Wildlife Protection Goes Punk Rock

March 31, 2010

In Argentina, WCS has helped create a new marine park to protect the vulnerable rockhopper penguin—a funny-feathered bird known for its “Mohawk,” red eyes, and bright yellow spiky eyebrows.

All penguins like it cool, but rockhoppers also look cool.

With “Mohawks,” red eyes, bright yellow spiky eyebrows, and pink feet, these penguins don’t adhere to the black-and-white tuxedo penguin crowd. And like punks at a concert, rockhoppers also like to jump. They hop over rocks instead of waddling awkwardly over obstacles like your typical penguins.

WCS has been researching these funny-feathered birds--along with Magellanic penguins, right whales, and elephant seals--in the seas off Patagonia since the 1960s. Losing about one-third of their numbers in the last 30 years, rockhoppers are now considered vulnerable by the International Union for the Conservation of Nature (IUCN).

But hopefully, Argentina’s new marine protected area will have these birds bouncing back. 

Parque Marino Isla Pingüino, or “Penguin Island Marine Park,” is the result of WCS research and a collaboration between the Santa Cruz government and Argentina’s National Parks Service. The marine park strings along 60 miles of shoreline south of Puerto Deseado and covers more than 650 square miles.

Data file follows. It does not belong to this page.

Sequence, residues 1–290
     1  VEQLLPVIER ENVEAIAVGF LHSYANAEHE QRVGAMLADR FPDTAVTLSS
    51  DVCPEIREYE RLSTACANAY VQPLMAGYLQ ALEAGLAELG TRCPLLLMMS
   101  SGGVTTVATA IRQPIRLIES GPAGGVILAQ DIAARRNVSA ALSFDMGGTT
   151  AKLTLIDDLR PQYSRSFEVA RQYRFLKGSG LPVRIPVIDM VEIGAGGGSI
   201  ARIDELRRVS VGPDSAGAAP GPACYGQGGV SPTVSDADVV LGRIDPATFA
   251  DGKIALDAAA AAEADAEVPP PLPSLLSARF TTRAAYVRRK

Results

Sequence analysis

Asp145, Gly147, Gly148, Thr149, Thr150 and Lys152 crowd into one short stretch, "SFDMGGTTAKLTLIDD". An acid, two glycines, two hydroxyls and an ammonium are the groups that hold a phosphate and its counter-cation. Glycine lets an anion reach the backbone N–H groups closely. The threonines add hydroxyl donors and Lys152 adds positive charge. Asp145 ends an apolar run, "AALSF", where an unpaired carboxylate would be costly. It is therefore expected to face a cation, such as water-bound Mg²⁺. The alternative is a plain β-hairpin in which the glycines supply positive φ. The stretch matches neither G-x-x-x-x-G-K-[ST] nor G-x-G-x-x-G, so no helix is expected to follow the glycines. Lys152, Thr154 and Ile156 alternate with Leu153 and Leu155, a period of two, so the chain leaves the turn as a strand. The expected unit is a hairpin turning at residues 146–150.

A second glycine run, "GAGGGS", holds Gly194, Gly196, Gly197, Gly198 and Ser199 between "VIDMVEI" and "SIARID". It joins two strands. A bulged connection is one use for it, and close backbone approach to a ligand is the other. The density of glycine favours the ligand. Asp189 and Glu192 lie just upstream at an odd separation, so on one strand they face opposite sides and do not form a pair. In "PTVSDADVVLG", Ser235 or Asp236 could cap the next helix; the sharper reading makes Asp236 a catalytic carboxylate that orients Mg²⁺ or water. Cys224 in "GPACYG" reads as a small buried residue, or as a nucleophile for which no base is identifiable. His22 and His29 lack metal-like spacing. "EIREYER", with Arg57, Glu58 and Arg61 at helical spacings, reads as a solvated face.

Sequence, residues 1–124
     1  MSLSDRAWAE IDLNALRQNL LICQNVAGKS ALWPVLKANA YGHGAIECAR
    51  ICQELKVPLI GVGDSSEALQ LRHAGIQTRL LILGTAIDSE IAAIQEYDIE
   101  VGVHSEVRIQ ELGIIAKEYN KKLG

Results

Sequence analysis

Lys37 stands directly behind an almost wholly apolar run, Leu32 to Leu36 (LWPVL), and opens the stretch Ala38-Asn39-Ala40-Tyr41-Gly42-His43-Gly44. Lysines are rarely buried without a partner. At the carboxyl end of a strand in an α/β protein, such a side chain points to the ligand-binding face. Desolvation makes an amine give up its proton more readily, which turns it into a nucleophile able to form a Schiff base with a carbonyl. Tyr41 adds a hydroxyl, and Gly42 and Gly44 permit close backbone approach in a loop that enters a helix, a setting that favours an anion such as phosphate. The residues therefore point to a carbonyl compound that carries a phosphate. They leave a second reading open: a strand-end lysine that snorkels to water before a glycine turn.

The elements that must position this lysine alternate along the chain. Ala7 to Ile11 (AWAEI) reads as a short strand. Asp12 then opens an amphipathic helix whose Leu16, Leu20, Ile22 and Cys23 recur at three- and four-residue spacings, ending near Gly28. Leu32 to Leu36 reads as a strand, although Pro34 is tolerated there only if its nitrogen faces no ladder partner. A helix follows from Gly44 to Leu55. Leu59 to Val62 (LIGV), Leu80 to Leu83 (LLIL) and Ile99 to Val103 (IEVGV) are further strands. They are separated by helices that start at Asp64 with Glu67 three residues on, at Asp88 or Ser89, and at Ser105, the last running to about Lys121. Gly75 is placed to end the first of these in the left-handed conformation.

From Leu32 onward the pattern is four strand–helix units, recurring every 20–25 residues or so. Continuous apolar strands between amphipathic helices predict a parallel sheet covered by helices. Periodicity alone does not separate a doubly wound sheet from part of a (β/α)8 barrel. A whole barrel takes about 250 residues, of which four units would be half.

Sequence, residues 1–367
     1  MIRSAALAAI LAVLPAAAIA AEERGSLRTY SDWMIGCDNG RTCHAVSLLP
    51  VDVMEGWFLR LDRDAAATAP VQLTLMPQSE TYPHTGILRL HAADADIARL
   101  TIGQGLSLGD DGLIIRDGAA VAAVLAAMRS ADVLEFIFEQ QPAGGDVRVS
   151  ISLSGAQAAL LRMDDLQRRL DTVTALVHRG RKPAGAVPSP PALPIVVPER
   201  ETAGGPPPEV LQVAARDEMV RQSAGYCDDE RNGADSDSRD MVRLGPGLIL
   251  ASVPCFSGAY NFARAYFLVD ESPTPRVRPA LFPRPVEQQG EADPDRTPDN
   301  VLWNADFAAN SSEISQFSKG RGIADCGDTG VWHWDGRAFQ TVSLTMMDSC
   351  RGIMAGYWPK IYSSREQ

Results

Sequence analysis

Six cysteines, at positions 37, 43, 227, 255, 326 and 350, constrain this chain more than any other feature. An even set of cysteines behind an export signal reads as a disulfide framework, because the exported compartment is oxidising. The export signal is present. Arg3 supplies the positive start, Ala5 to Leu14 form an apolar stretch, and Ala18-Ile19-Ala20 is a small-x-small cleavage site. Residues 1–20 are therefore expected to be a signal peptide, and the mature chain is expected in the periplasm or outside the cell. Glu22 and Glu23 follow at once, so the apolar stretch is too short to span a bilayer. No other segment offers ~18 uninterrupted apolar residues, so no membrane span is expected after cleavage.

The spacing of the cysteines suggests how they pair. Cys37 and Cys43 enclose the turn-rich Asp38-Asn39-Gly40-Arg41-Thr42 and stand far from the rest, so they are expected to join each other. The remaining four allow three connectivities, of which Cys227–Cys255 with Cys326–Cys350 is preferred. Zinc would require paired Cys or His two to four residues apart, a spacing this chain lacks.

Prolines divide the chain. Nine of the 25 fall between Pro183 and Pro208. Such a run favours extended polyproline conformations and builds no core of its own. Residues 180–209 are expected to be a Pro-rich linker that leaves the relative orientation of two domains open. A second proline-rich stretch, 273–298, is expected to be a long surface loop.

“This decision by Argentine officials represents a significant commitment by the government to protect an extraordinary marine ecosystem,” said Avecita Chicchon, director of WCS's Latin American programs. “The creation of this park will help to ensure a future for the threatened species in this region and will protect the area’s unique natural heritage.”

Argentina’s coastline is largely undeveloped. Still, threats to wildlife exist offshore. Commercial fishing fleets often catch unintended wild species in their nets. Offshore drilling and oil transportation also result in pollution that harms wildlife. In Argentina and Chile, WCS is helping to coordinate the management of the coastal protected areas, including Parque Marino Isla Pingüino, around the southern cone of South America.

The designation of this new protected area was made possible by the generous support of the Liz Claiborne Art Ortenberg Foundation and the Mitsubishi Corporation Foundation for the Americas.

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